Bolivia's transgender citizens celebrate new documents
Bolivian transgender activists celebrated on Tuesday as they became the first to be issued with new IDs.
Under a new law passed in May, transgender citizens can request having their name, gender and photo changed on official documents in order to reflect the gender they identify with.
It was strongly opposed by the Catholic and the Evangelic Church in Bolivia.
Similar laws are already in force in Argentina, Colombia, Ecuador and Uruguay.
Under Bolivia's Gender Identity Law, Bolivians who wish to change their gender on state-issued documents will have to be 18 years of age or older and have an interview with a psychologist before new identity documents are issued.
Despite the restriction, LGBTI activists welcomed the move as "a step forward".
Geraldine Valenzuela told Reuters news agency that she had suffered from discrimination and psychological, verbal and physical violence for decades.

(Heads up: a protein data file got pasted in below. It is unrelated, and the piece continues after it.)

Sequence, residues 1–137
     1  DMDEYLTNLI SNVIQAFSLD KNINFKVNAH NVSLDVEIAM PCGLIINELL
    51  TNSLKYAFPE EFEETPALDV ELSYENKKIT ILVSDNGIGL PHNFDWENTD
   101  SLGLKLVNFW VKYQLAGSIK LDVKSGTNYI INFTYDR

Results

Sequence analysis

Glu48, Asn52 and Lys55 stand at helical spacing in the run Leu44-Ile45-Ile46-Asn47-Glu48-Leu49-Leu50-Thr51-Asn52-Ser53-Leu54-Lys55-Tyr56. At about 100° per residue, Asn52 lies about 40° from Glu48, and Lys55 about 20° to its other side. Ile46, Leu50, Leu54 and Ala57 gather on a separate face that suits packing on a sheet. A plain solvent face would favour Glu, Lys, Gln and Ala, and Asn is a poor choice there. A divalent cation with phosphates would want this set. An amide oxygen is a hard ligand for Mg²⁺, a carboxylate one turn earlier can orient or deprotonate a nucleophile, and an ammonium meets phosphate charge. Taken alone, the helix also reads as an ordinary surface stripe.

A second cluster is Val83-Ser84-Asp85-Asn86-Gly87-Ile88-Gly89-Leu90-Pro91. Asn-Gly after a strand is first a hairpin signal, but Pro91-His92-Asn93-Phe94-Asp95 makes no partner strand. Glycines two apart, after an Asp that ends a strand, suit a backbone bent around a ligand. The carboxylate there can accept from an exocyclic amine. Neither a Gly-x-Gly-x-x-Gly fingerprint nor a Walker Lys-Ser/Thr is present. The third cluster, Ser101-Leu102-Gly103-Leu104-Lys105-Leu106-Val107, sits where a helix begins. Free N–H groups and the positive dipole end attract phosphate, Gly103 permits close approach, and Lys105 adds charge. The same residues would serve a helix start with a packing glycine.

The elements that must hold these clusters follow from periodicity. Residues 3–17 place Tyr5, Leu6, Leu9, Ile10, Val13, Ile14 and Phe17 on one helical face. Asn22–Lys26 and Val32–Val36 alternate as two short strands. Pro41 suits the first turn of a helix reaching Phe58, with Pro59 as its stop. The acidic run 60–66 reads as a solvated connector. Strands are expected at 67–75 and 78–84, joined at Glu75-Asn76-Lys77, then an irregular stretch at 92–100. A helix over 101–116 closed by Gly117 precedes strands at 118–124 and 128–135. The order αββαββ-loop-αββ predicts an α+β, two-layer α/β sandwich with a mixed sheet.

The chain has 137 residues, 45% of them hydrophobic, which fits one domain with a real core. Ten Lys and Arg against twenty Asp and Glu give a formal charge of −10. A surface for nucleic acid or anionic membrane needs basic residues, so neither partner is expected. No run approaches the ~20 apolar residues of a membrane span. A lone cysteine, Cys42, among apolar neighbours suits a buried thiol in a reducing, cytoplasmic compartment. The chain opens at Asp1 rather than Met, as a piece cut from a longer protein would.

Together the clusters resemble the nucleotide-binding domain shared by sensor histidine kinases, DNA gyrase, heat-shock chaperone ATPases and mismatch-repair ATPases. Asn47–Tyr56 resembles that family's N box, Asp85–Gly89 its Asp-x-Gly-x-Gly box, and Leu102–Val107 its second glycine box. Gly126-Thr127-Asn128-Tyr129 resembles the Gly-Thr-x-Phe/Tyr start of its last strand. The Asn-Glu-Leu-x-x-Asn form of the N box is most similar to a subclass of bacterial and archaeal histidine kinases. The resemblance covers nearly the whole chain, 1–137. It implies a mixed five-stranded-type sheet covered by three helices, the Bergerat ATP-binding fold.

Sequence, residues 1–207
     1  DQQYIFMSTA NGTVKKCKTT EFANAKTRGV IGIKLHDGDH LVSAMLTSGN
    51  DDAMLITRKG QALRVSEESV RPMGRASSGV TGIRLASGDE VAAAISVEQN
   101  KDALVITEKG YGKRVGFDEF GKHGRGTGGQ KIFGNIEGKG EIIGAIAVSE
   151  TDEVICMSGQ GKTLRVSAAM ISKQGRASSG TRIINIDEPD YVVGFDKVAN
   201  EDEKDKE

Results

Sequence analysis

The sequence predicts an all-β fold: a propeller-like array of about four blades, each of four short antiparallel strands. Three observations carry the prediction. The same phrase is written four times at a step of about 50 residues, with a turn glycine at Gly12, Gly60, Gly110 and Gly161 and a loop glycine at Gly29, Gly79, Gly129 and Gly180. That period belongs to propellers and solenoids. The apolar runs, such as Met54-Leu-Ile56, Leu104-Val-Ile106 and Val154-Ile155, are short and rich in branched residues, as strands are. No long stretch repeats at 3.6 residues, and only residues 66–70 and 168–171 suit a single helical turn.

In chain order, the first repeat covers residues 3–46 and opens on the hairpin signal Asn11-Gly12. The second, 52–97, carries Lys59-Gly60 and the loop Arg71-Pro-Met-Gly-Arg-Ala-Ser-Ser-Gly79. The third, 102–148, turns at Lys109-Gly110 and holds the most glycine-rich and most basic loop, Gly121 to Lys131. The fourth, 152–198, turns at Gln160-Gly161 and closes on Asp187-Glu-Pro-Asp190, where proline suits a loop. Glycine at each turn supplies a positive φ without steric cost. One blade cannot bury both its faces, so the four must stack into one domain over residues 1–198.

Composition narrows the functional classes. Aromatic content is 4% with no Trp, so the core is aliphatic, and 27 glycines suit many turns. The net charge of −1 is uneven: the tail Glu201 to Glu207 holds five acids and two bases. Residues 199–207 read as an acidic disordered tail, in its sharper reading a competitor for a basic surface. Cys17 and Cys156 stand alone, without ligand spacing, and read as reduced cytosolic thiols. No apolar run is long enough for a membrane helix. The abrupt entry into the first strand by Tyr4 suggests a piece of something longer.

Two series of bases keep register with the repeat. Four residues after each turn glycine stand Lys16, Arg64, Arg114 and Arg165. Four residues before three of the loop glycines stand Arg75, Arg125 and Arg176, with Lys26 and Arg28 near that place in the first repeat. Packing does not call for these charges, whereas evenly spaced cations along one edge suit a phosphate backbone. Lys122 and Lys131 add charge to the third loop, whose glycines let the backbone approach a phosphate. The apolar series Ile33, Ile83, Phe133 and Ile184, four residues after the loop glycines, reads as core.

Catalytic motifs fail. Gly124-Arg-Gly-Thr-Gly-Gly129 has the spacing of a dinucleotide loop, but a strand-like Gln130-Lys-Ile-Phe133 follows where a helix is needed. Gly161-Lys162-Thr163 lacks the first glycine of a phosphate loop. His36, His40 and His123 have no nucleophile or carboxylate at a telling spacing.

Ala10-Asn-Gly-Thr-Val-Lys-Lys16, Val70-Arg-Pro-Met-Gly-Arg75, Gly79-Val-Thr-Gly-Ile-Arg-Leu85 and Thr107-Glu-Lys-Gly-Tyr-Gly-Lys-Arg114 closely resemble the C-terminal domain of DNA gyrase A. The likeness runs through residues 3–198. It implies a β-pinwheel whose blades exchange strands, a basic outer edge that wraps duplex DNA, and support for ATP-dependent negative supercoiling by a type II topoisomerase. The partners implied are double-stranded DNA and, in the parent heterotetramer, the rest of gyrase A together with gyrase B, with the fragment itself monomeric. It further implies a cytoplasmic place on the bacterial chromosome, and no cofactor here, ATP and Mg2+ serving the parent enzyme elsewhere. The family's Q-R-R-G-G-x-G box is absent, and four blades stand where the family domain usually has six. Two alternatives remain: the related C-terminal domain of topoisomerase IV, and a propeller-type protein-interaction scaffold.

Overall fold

"I believe that everything that has happened has borne fruit," she added.
LGBTI groups said they expect about 1,500 people would take advantage of the new law to have their documents changed.
Back when the law was passed, Vice-President Alvaro Garcia Linera said it would put an end to "social hypocrisy" in Bolivia, where members of the LGBTI community often face disparaging comments or abuse.
President Evo Morales has come under fire on several occasions for disparaging remarks he has made.
In November, he apologised after making a jibe implying his health minister may be lesbian.
And in 2010, he caused outrage when he said eating chicken rich in oestrogen caused men to "deviate from themselves as men".
Activists said the law, which was introduced in parliament by Mr Morales' administration, signalled a welcome change.
Polls suggest there has been a shift in attitudes towards LGBTI people in Latin America in recent years.
In the past six years, same-sex marriage has become legal in Argentina, Brazil, Colombia and Uruguay, as well as some states in Mexico.